It's normal for a child to hear foul language on the playground, but that doesn't mean a parent should allow it.
Even if you, as parents, are exemplary when it comes to not using foul language (which is not always easy!), the day will inevitably come when your charming offspring will bring back from school some inappropriate words or phrases. The insults might be ones you didn’t even know existed.
You might feel concerned, but don’t get too worried. “Learning swear words on the playground is normal!” explains Laure Dezert, a clinical psychologist specializing in parenting, who is herself a mother. She explains,
Saying bad words at school is a way of integrating into the group. Anyone who doesn’t say bad words is considered a goody two-shoes. Parents must keep this in mind: A child, especially a teenager, has no desire to be ostracized.
That being said, while it’s normal and predictable for a child to learn and repeat vulgar words, it’s the parents’ responsibility to educate their children and teach them about the importance of words.
Smoking and swearing didn’t keep this cowboy from canonization
Much more than a question of politeness
Saying or not saying bad words is not just a matter of politeness. While it’s true that children who express themselves correctly will be called polite and well-mannered, this attention to vocabulary goes much further. It’s part of the overall social education of children and their place in the family and society.
From a very young age, children live in a group, first of all within their family, which is where they begin to learn respect for others. Not calling their siblings names is an important first step towards respecting the dignity of their fellow human beings.
Reacting to swear words is also a question of making our children understand the difference between generations. “You can’t talk to your school friends, your brothers and sisters, and your parents all in the same way,” emphasizes Laure Dezert.
While a parent might stop a child who insults his or her brother simply by saying, “There are better ways to talk to your brother,” a stronger reaction is needed when children insult their father or mother. This is a way of asserting the father’s or mother’s place and authority as a parent, not based on an authoritarian or patriarchal logic, but with a view to both the child’s good and the common good.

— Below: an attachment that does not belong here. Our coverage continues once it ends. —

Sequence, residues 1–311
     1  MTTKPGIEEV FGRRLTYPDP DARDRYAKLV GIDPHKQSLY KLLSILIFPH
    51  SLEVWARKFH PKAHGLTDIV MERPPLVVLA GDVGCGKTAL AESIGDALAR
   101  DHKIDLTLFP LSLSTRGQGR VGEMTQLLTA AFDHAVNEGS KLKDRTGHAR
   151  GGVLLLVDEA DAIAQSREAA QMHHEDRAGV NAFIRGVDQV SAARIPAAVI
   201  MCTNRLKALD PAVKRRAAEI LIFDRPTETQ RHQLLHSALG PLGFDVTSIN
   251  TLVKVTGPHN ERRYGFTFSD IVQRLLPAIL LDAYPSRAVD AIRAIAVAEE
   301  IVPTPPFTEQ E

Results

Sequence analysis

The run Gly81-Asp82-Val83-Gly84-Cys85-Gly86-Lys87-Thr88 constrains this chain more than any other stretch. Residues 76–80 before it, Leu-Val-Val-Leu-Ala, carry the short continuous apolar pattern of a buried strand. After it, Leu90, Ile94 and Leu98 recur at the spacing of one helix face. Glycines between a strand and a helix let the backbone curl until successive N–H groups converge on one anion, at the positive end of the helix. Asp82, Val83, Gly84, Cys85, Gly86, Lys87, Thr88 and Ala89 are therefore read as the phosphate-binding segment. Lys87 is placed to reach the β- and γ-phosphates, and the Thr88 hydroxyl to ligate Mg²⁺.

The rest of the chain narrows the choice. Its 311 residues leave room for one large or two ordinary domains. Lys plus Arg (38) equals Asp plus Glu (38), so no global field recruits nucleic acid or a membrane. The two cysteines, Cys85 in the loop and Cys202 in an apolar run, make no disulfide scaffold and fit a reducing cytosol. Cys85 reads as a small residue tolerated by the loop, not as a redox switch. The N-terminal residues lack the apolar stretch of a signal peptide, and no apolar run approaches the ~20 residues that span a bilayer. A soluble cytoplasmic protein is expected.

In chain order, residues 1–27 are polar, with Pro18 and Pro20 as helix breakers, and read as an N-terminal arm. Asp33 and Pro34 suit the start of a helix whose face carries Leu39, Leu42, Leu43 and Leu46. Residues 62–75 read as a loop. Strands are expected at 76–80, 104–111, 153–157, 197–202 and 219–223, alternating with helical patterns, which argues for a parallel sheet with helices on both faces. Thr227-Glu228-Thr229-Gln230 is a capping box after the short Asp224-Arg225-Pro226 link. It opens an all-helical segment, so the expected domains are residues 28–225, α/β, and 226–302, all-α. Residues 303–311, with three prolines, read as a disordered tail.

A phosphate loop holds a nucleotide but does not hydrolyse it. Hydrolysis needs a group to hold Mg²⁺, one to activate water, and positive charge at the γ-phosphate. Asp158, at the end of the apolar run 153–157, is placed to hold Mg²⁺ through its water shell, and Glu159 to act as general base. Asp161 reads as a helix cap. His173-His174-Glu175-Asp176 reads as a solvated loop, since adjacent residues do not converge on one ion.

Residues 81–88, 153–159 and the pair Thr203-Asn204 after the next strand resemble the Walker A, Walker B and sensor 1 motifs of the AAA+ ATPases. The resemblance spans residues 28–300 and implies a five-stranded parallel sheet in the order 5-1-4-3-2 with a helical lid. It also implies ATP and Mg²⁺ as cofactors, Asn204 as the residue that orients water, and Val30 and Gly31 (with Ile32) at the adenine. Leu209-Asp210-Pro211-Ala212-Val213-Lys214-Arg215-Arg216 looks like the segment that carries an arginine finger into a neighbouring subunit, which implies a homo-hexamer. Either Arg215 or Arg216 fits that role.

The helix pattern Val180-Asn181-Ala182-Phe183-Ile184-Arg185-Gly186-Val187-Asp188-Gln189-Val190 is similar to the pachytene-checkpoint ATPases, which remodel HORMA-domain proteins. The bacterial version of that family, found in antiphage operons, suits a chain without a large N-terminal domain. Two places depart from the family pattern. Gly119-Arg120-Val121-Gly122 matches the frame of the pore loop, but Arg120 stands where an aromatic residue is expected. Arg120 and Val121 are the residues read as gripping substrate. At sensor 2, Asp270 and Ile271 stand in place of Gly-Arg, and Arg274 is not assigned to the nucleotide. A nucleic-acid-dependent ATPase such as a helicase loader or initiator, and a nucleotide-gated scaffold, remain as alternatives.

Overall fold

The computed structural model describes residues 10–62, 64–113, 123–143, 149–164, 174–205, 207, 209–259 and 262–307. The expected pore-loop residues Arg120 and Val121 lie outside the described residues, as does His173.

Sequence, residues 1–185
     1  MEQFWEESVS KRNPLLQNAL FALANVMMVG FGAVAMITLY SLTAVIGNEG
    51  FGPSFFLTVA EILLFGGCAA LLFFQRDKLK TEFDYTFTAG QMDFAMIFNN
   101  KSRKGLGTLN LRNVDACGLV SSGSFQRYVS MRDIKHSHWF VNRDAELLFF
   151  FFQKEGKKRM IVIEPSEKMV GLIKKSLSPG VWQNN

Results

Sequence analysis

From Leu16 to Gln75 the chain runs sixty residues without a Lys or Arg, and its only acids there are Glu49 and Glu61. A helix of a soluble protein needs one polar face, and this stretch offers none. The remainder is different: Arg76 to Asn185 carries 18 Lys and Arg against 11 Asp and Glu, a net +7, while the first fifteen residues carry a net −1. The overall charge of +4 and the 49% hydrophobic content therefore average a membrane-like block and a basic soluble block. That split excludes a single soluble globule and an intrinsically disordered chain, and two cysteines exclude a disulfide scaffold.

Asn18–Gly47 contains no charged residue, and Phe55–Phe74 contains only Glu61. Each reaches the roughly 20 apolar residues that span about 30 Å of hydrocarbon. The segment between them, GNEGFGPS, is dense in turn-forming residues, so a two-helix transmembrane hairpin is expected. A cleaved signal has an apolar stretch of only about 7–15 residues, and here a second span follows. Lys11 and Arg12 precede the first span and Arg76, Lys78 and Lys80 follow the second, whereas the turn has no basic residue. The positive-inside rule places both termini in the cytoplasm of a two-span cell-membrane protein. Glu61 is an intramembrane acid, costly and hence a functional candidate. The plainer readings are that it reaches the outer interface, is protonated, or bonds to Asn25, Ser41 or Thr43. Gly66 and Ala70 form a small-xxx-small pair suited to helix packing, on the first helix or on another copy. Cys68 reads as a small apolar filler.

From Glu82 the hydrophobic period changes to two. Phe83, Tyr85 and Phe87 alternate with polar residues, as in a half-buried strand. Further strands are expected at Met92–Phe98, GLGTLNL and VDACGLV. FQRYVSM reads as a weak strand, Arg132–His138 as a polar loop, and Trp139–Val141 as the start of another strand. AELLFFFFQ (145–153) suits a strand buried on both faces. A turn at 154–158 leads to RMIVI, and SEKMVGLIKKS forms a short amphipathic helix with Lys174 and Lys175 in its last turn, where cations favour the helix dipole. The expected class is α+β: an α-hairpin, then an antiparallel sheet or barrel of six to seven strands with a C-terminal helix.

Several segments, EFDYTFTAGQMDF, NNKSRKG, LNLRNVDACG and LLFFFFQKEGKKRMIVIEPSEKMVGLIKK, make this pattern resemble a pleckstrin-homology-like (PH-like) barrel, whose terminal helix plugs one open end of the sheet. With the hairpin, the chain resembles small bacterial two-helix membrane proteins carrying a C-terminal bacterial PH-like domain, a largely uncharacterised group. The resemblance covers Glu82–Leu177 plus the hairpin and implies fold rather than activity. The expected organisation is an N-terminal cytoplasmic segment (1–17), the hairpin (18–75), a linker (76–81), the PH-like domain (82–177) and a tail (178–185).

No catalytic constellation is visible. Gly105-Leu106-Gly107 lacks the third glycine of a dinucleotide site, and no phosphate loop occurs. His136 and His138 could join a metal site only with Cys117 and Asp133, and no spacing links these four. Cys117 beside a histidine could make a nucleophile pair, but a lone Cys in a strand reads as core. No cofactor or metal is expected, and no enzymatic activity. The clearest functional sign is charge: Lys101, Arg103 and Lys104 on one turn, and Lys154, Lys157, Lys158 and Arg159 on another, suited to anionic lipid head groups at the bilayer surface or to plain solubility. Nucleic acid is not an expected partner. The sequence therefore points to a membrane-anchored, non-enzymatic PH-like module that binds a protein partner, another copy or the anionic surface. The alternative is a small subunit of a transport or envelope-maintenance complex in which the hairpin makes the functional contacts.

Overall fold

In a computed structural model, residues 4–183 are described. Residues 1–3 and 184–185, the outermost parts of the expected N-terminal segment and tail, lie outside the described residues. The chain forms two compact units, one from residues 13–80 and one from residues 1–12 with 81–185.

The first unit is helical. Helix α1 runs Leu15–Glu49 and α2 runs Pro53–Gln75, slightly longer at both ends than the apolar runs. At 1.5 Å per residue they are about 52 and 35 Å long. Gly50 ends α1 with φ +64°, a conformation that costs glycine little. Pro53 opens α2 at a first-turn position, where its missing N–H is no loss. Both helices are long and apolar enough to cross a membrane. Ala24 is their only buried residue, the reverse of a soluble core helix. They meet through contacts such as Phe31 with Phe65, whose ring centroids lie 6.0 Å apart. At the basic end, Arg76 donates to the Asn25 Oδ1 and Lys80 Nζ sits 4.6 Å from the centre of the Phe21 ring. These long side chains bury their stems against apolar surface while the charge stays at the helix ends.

Seeking the common good
Vulgar language and the common good: What’s the relationship between these two concepts? For Laure Dezert, there is an important connection. Not accepting swear words coming from your child is a way of serving the common good. The common good means working for the good of the whole group, at the same time as the good of the individuals.
By reprimanding—or at least discouraging—coarse language from our children, we not only help our children grow up, but we also defend the position of the offended person, as well as establish proper authority. “We help our children to grow by forcing them to overcome their impulsive stage, and to reach another more constructive stage of development, while restoring the concept of respect and right authority, which is sorely lacking today,” says the psychologist.
By the notion of just authority, she means the one defined by Catholic philosopher Fabrice Hadjadj, which restores to a parent his or her role as a parent simply because they are a father or a mother (and not an expert). Indeed, for Hadjadj, the child-raising relationship between parent and child is based on an “authority without competence,” despite its flaws and weaknesses.
“Authority without competence has a value in itself, and even a priceless value,” explains Fabrice Hadjadj. He says,
On the one hand, the father shows that he is not the Father, that he himself is a son, and therefore that he and his son must turn to an authority higher than his own. On the other hand, since his authority does not come from a skill, but from a gift, the father cannot treat the child as his own creation, and try to rate him on his own scale of value: He must accept him as a mystery. And this is the deepest authority.
Why you should stop swearing … and how to do it